Final thoughts? "As I sit in row 53 C on flight LH 422 to Boston, I realize that my first worlds was a pretty intense one. And even though it was so crazy, I would not have it any other way. One of my coaches [Peter Johansson], who is from Sweden got to go home and see a ton of old friends every day. I got the experience of soaking in everything, although I have not been able to keep my promise and think of individualized show programs for everybody on the team (Sorry Kim [Navarro] and Jeremy!). And even though I managed to absolutely stink at virtual bowling, I still managed to get online and watch the latest America's Next Top Model episode I missed."

Charlie goes to Valhalla

We asked Charlie White to give us his impressions and share highlights from the week in Sweden. He said, "My favorite moment was definitely coming from behind the French [Nathalie Pechalat and Fabian Bourzat] in the free dance to finish in 6th place overall. My least favorite moment was not getting any names or numbers from the beautiful Swedish girls..."

Did anything weird happen? "I would say that the funniest moment was when Maxim Trankov suddenly lost some of the feeling in his hand midway through his long program and proceeded to stop and get some of his sleeve cut by the doctor as if his hand was about to fall off."

Unlike a lot of figure skaters, Charlie doesn't have any special superstitions before he skates. "I'm sure Meryl [Davis] has some," he said, "Although I've never really asked what they were lest they were contagious."

What was the arena like? "There was a tent-like hallway that led up to the rink, and the rink itself was pretty cool. The long sides of the rink curved up really high in an ark like fashion which gave it an interesting feel to skate in. The warm-up area was called VALHALLA, which we thought was pretty funny... haha, but it was a basketball/handball/volleyball court."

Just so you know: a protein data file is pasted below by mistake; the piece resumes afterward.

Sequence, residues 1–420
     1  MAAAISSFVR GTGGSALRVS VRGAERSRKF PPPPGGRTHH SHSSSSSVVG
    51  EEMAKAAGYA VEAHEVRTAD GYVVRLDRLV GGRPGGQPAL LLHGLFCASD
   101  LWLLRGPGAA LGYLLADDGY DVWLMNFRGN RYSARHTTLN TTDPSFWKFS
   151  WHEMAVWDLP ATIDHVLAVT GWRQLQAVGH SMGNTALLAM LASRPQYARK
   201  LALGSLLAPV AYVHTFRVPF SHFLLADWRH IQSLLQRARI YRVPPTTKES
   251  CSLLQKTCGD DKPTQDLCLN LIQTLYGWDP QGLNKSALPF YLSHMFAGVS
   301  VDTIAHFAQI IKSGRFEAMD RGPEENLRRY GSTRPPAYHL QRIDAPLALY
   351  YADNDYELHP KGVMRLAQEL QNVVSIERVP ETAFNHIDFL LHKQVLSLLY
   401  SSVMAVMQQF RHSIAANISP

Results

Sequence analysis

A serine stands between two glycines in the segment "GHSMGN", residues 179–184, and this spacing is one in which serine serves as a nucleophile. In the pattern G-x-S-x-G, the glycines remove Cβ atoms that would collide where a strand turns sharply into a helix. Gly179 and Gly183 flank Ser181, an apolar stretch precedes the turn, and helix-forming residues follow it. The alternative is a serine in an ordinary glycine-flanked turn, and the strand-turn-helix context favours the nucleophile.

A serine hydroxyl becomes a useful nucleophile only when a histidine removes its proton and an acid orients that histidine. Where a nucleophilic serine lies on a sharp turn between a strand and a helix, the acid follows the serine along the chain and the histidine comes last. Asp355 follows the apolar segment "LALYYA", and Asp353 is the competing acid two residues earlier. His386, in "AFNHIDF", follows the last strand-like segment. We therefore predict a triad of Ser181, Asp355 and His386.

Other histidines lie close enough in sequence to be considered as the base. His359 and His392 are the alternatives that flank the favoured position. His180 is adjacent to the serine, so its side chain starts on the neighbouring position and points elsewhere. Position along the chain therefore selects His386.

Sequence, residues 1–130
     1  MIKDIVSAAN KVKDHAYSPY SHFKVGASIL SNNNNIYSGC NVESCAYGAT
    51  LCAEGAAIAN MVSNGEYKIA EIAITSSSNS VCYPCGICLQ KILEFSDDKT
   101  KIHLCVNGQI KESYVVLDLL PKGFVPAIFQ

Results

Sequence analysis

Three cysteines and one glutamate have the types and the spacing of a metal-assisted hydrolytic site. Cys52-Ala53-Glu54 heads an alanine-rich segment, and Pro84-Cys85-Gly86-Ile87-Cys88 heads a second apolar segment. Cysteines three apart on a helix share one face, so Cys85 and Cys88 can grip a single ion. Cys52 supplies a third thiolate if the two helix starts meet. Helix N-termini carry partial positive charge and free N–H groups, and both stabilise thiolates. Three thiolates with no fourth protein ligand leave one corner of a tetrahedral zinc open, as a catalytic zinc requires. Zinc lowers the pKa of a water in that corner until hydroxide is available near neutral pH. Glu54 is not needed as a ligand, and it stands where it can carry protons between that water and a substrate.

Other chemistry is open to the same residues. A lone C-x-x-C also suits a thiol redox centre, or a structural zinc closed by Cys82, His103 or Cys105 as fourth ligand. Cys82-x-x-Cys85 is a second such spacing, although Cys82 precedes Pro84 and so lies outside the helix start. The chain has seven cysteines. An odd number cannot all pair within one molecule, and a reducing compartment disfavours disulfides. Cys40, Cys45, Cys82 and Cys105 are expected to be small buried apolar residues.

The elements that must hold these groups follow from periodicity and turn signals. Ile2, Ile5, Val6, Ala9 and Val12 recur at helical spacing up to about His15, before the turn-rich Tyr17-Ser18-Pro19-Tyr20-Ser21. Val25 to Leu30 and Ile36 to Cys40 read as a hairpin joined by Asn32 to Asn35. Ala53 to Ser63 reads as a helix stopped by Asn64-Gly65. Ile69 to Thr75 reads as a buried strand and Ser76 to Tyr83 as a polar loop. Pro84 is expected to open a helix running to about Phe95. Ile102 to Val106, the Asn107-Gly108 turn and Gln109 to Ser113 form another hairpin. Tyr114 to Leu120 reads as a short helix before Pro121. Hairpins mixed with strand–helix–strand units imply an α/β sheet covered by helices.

Did you come across any interesting food? "Apparently there is some sort of shrimp sandwich phenomenon that Sweden is known for, and while I'm a fan of both shrimp and sandwiches, I didn't really enjoy it... I think it had to do with the extra gallon of mayonnaise they dumped on it."

Both Meryl's and Charlie's moms came with them to Sweden, and Charlie says it's nice to have family support when you're competing in a stadium full of strangers. "However, I still have no idea how to pronounce or spell that great Swedish city we were just at, because everyone said/spelled it differently!"

Lost luggage

As you surely heard, Brent Bommentre's luggage didn't join him in Sweden until the night before the original dance. Johnny Weir's bags, on the other hand, were lost on the way home. We were worried that he had lost his brand-new, shiny bronze medal, but luckily he had given it to his mother to take home for him so it's safe. We hope everyone else got home OK. Time for a little rest before they start tackling the demands of next season -- new programs, new costumes, new drama to blog about. We can't wait!

Uncle Bobby gets married

Sarah's new picture book for children, "Uncle Bobby's Wedding", was published today, so we can't resist mentioning it. Sarah both wrote and illustrated it, and there's lots more about the book on her website. There's no figure skating in the book, but the sequel has a skating scene.


Until next time,
Sarah and Drew